There is a decision of death of a fellow climber or destination to that tempting summit in “North Face”. Every one knows the answer but only one says it aloud. That is Toni Kurz (Benno Furman), one of four climbers of Eiger mountain’s north face. His climbing partner and friend Andreas Hinterstoisser (Florian Lukas) looks at him with a relief and anger for the truth told at that moment. The other two climbers are competition Austrian team Willy Angerer (Simon Schwarz) and Edi Rainer (Georg Friedrich). Willy is haunted and drugged by the vigour to get to the summit that halfway when he is badly hurt and Edi suggests to go down, he threatens to kill him. When another terrible incident hurts Willy worse than the head injury, these two teams has to work together in descending. That is only the beginning of the terror in this film based on a true story, “North Face”.

In 1936 Austria is on the verge of eventual annexation with German Nazi’s while Andi and Toni are more interested in climbing mountains. Andi is the older of the two and wise in the looks and actions. Two climbers already died in the attempt of Eiger and now the newspaper needs a story to detail the conquest by either a Germany team or an Austrian team supporting the Nazi annexation. Either of their win will be a triumph for the senior reporter Henry Arau (Ulrich Tukur). Arau got the office secretary Luise (Johanna Wokalek), the childhood friend of Andi and more than a friend for Toni on the story as a photographer. Luise and Toni have long gone in distance and waiting for that first move from either of those for a rekindling of their relationship. “North Face” is not about that of course.

Even before they set out for the venture of this dangerous feat, they camp at the foothills of the Eiger. Arau has brought Luise so that she can be his protege. Arau is a serious reporter hunting like a fox for a story. He is not cunning but has a blunt mind and unmerciful outlook on this situation. For him this is a story and it is purely a story. The outcome has to be either happy or tragic to provide a story. Not a friendly retreat. Luise likes him because he opens up the career and life she cannot pursue in the time and place of Germany. Add fancy parties, drinks and four star comfort, hard fought climbing ex-boyfriend moves away far long before guilt brings her back. Toni bids adieu submitting his mountain climbing journal to Luise. He and Andi takes an unconventional route only which the Austrian team dedicatedly follows.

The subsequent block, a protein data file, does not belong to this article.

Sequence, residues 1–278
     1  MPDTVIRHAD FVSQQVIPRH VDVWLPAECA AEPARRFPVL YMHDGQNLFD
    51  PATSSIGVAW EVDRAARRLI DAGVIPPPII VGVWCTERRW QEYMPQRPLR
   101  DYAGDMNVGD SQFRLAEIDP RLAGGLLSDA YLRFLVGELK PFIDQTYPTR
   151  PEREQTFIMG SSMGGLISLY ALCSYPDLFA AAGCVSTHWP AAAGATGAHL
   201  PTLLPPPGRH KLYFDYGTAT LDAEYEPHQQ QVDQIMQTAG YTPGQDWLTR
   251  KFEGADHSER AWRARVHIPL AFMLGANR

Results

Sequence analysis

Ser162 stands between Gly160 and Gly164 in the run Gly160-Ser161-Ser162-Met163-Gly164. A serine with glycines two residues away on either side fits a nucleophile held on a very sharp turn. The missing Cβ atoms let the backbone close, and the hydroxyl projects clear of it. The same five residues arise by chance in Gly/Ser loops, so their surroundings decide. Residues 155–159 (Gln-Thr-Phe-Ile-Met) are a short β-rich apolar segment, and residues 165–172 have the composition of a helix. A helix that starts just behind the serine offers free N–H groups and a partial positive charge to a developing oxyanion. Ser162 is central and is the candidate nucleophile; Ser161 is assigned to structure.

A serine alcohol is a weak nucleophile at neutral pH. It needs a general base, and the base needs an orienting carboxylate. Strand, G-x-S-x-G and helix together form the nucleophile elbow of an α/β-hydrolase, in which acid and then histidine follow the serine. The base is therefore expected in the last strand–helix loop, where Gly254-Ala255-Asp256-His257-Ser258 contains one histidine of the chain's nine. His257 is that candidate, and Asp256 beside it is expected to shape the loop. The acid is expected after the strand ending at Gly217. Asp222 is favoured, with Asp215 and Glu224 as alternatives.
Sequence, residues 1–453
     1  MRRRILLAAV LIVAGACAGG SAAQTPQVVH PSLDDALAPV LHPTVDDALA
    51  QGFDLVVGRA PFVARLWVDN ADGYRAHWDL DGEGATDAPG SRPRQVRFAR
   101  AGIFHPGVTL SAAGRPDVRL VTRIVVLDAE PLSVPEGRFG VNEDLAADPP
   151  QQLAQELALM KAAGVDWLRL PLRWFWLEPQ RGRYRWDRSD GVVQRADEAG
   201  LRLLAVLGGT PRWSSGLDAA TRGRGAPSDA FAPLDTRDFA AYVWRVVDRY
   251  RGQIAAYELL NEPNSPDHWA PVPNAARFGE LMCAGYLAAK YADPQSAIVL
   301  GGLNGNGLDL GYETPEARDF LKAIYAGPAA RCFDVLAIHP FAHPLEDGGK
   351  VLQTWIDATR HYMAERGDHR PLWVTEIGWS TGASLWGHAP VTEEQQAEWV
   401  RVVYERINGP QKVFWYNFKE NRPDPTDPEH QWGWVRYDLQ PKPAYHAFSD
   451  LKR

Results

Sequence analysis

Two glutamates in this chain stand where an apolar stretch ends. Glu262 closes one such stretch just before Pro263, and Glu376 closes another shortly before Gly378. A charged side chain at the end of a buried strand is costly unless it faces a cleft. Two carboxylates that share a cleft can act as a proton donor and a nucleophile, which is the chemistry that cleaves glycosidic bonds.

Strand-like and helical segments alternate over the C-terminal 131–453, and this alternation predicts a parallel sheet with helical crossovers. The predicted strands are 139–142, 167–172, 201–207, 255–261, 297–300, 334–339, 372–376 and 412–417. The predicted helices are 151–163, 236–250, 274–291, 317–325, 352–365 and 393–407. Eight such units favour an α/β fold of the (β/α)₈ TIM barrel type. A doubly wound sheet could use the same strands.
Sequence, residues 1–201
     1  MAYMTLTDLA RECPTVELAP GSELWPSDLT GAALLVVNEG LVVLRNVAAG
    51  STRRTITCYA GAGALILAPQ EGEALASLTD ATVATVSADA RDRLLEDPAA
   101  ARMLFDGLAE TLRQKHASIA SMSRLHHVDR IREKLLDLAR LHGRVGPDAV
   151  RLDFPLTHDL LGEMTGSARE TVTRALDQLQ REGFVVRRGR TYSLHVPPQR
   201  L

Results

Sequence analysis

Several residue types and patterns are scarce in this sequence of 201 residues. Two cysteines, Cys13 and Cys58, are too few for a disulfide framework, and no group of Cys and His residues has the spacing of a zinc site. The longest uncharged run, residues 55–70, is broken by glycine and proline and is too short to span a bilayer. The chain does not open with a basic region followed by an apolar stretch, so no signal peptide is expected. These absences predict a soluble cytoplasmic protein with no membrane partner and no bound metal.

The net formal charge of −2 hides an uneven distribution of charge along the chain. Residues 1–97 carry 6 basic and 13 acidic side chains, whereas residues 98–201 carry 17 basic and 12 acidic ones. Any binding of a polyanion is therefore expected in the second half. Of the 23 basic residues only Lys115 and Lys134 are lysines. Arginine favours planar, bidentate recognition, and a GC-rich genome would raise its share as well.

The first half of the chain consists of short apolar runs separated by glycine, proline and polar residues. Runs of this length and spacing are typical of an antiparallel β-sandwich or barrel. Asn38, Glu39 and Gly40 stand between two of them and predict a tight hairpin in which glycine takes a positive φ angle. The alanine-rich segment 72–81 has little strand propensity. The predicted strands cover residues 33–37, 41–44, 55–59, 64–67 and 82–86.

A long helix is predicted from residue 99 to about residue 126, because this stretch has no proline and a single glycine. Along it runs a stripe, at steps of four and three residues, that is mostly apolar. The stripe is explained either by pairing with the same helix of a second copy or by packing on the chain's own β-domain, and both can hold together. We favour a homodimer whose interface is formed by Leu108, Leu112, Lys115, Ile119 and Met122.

“North Face” blasts the snow and the icy cold wind on to its viewer’s face. The snow flows like a waterfall and the climbers are shot with some long distance aerial shot. Their zest is uncompromising and deadly. The movie shows the Eiger on different situations that it changes its face. It is peaceful, serene, brutal, cold and cruel. Every time based on the climbers’ predicament and success we are scared and fascinated by this white giant. Nature is beautiful when you are at your comforts and is the worst villain when it shows its darkness.

Philipp Stozl, the director of this film knows that certain parts of this story has to be told faithfully. If he is going to tilt and swing the angle of emotions out here, it is a disgrace and plainly sinister to manipulate it. The hatable reporter speaks out some untimely truth with an inconsiderate mind. He knows that the media needs a very successful or a sob story. He knows that smelling a story is the greatest success for a reporter and he knows that being human should be selective to be inhumanly objective in the situations that beckons empathy. He is played with a pendulum mode by Ulrich Tukur. He is kind and encouraging to Luise and at the same time spits out the venom.

But the greatest achievement in acting comes from the four actors playing the climbers. As the main man Toni in the true tragic story, Benno Furmann plays him like a hero, wise man and mainly a tired and drained human being. He initially objects of going to Eiger knowing the considerable risks involved in it and says he climbs for himself. Most of the great artists do things for themselves. The best piece of their work comes from pure selfishness. Yet again Toni is an amicable and lovely man who understands his friend’s desire which translates into his own. He abides and sets forth. As the end nears and the audience expects, Luise’s love is intertwined but not as a director looking for solace. Her braveness is not in helping Toni by doing the unthinkable heroics but by dangerously being there. “North Face” is an exhilarating experience for the intimidating mountains and snowscapes and deadly abyss but it is more about the climbers, the people, the politics and the limits and endlessness of humans.

Friday, July 16, 2010

"Inception" (2010) - Movie Review

Proclaiming that I understood iotas of plot points with myriad details of “Inception” is cheating Christopher Nolan’s goal out here. He wants his viewers to revisit this feature often to completely get to the labyrinth of this story. And please find a review for this film that does not use the word “labyrinth”. Nolan appears to have been fantasized by the puzzle of the puzzle. Forming a puzzle might be comparatively easy and solving it might be easy too for the author but explaining the process to others should have completed “Inception”. Welcome to one of the best films of this year.

Let me not explain the film. Let me not explain the plots. I shunned away from the possibilities of accidentally discovering the plot or stumbling through a scene and wipe that pleasure of experiencing this film in its virgin state. Granted that it is the best way to enjoy this to its fullest potential but if you have seen out of curiosity, trust me, there is a lot more to it and I mean really, a lot more to it than you could possibly imagine in those dreams of yours.